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||Association of Mutations in the Basal Core Promoter and Pre-core Regions of the Hepatitis B Viral Genome and Longitudinal Changes in HBV Level in HBeAg Negative Individuals: Results From a Cohort Study in Northern Iran.
||Besharat S, Poustchi H, Mohamadkhani A, Katoonizadeh A, Moradi A, Roshandel G, Freedman ND, Malekzadeh R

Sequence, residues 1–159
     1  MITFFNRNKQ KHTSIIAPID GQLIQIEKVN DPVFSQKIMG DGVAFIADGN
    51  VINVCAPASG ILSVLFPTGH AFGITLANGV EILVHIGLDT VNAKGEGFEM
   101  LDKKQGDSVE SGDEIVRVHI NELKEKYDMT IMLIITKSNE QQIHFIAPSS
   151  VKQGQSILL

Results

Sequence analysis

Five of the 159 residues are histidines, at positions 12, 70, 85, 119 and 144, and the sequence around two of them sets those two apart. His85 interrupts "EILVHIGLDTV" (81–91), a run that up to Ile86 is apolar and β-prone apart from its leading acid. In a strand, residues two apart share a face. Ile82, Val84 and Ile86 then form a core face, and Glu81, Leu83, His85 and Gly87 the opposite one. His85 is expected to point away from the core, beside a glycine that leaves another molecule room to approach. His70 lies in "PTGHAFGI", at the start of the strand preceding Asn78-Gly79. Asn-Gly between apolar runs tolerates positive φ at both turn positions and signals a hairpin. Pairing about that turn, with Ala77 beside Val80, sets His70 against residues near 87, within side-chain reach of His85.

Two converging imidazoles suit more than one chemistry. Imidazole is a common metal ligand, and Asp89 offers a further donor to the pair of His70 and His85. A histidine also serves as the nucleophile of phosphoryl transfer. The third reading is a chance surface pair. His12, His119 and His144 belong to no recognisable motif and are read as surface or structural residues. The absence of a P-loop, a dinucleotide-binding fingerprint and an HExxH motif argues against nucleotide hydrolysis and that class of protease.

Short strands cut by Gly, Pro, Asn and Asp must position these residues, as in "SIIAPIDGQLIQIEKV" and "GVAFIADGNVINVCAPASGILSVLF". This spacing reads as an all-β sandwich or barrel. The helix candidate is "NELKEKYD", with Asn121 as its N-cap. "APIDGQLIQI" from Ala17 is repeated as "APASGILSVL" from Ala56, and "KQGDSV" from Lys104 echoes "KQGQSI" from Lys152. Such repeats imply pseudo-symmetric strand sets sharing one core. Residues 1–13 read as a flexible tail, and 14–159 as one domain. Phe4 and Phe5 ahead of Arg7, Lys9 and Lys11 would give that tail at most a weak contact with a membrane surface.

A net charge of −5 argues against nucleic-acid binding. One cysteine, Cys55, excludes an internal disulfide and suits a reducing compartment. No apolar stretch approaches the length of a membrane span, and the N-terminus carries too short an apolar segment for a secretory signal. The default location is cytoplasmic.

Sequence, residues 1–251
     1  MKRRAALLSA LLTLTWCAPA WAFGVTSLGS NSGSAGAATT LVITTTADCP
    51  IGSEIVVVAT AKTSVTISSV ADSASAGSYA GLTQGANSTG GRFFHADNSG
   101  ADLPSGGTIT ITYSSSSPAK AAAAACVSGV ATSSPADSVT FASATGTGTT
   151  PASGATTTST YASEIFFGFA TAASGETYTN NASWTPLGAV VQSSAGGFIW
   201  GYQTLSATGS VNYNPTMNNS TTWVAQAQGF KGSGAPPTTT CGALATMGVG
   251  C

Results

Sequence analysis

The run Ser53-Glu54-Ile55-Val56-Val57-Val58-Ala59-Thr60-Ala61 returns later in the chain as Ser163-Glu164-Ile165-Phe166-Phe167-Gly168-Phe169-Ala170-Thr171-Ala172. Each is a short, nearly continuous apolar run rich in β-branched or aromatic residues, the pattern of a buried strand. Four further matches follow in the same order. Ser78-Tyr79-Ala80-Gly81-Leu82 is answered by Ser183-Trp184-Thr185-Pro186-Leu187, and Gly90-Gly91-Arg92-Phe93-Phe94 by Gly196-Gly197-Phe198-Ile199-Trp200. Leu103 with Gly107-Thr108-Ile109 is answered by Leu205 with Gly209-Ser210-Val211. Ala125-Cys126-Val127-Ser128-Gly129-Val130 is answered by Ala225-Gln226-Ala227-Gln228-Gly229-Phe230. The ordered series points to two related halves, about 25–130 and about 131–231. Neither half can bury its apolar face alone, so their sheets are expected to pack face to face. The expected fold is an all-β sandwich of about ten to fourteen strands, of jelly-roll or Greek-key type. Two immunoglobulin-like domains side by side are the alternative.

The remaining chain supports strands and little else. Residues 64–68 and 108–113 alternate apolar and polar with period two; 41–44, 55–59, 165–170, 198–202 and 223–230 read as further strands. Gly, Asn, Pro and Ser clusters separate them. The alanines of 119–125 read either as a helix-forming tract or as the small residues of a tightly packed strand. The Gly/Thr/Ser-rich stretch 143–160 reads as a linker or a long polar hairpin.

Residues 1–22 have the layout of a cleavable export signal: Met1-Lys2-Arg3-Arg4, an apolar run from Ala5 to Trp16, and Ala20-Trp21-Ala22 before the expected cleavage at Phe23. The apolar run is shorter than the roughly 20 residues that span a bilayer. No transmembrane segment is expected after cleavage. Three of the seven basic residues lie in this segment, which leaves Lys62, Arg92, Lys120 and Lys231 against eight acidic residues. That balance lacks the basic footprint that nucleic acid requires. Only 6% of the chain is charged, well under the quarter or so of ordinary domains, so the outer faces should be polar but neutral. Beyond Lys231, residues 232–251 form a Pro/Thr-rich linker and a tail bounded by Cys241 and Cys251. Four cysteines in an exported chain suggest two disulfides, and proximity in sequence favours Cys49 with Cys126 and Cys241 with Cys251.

||BACKGROUND: Although certain HBV mutations are known to affect the expression of Hepatitis e antigen, their association with HBV viral level or clinical outcomes is less clear. OBJECTIVES: We evaluated associations between different mutations in the Basal Core promoter (BCP) and Pre-core (PC) regions of HBV genome and subsequent changes in HBV viral DNA level over seven years in a population of untreated HBeAg negative chronic hepatitis B (CHB) participants in Northeast of Iran. MATERIALS AND METHODS: Participants in the current study were drawn from the Golestan Hepatitis B Cohort Study (GHBCS), a cohort of approximately 2590 HBsAg positive subjects (living in Gonbad city) embedded in the Golestan Cohort Study (GCS). At baseline, HBsAg was measured in all participants and revealed 2590 HBsAg positive cases. We randomly selected 304 participants who their blood sample were taken at both baseline and seven years later in follow-up and had not been treated for HBV during this time. HBV viral load were assessed at baseline and at year 7. The BCP and PC regions of the HBV DNA, at baseline, were amplified via hemi-nested PCR and sequenced by cycle sequencing. At year 7, liver stiffness was assessed by fibroscan; also, other parameters of liver disease were assessed following standard clinical protocols. Associations were assessed via tabulation, chi-square, t-tests and logistic regression. P values < 0.05 were considered statistically significant and all tests were two-sided. RESULTS: Among 304 HBsAg positive participants, 99 had detectable HBV DNA at study baseline. Of these, 61.6% had PC mutations (48.5% A1896 and 25.2% G1899). In contrast to other mutations, A1896 was associated with a higher proportion of detectable HBV DNA at year 7 (39.6%) compared to patients with the wild type (13.7%) (OR: 4.36, CI95% = 1.63-11.70; P Value = 0.002). Although participants with the A1896 mutation had higher year-7 HBV viral load than participants with G1896 (2.30 ± 1.66 IU/mL vs. 1.76 ± 1 IU/mL among patients with detectable HBV; P value = 0.052), no association was observed with either serum level ALT or liver stiffness. Interestingly, mutations in the basal core promoter (BCP) region had no significant effect on virus DNA detection. CONCLUSIONS: In this population with chronic HBeAg negative hepatitis B, an association was observed between the G1896A mutation in the Pre-core region of HBV and subsequent level of HBV DNA seven years later, which indicated that mutations in this region of HBV genome may contribute to disease progression in these patients and play an important role in HBV natural course of disease.